Who knew the humble index fund would turn into an alpha generator?
[This article originally appeared in the June issue of the ETF Report.]
Perhaps it was inevitable that the exchange-traded fund would evolve and expand from its original function. It has transformed from a way to easily canvass a single broad asset class such as U.S. equities through a single trade into an efficient way to canvass all asset classes in the pursuit of alpha.
And perhaps it was inevitable that a new class of financial advisors would emerge that would develop and spread to other advisors this concept of "alpha through beta." Indexing pioneer Steven Schoenfeld presciently described at length this idea in his classic 2004 tome "Active Index Investing."
Money keeps pouring in to ETFs as it becomes clear that using this type of cheap, transparent and highly liquid fund with a top-down macro approach is really a better path to asset-allocation investing than using more expensive mutual funds or overly granular individual securities. The growing army of so-called ETF strategists that design active-index portfolios using ETFs and market them to other advisors is steadily moving to center stage in the world of money management.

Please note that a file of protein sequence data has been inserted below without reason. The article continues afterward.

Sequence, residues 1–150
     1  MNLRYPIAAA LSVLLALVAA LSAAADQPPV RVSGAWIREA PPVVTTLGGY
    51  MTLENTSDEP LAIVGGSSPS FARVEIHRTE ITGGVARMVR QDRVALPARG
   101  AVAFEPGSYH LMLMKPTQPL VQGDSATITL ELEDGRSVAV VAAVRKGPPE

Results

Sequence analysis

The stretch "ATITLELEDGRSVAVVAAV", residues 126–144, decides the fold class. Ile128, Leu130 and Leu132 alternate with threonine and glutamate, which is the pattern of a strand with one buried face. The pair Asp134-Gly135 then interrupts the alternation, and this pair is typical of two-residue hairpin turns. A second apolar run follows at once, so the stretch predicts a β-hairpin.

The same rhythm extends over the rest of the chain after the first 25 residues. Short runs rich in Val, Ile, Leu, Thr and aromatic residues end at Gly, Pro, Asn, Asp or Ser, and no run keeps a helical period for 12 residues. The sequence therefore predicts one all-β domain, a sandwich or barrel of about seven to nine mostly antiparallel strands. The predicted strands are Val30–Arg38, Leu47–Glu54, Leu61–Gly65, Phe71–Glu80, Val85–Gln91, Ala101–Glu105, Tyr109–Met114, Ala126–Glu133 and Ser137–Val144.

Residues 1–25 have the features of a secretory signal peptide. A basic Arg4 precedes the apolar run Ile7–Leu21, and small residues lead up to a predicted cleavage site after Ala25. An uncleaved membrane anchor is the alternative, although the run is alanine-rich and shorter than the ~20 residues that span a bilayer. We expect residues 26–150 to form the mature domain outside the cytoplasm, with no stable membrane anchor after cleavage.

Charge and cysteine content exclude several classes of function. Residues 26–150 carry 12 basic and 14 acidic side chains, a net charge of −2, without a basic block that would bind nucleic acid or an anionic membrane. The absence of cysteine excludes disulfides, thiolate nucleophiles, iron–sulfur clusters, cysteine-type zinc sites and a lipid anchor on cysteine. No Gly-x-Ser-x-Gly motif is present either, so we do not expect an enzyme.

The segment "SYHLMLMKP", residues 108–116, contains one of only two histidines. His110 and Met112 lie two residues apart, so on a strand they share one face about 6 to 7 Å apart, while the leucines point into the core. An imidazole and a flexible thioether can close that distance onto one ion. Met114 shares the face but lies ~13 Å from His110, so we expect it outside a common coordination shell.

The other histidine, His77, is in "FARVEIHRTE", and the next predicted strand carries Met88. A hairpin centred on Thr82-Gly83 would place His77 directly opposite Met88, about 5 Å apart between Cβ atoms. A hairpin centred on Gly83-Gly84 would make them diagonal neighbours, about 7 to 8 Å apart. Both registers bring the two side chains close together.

The latter trend is hardly a surprise. Anyone with experience in the brass-knuckles sales culture of the financial services industry knows that landing clients and thoughtfully running money with a rigorous eye on asset allocation are about as different as night and day. But both are full-time jobs, so the division of labor at the center of the value proposition that ETF strategists offer makes a whole lot of sense.
In any case, you can't argue with the numbers. Assets in U.S.-listed ETFs are rapidly approaching $2 trillion, and hedge funds are increasingly making use of ETFs in their pursuit of outperformance. That's a clear shift away from the stock picking favored by yesteryear's star managers like Peter Lynch at Fidelity's Magellan Fund.
According to Morningstar research, assets in ETF model portfolios marketed by ETF strategists grew by about 40% last year to just shy of $100 billion—almost 6% of the $1.701 trillion that was in U.S.-listed ETFs at the end of 2013. That stellar growth rate came on top of a 50% growth rate in 2012, Morningstar said.
By comparison, assets in U.S.-listed ETFs as a whole rose by 26% in 2013 and 27% in 2012—both well below growth rates in the ETF strategist space, thus demonstrating that ETF strategists are an engine of ETF growth.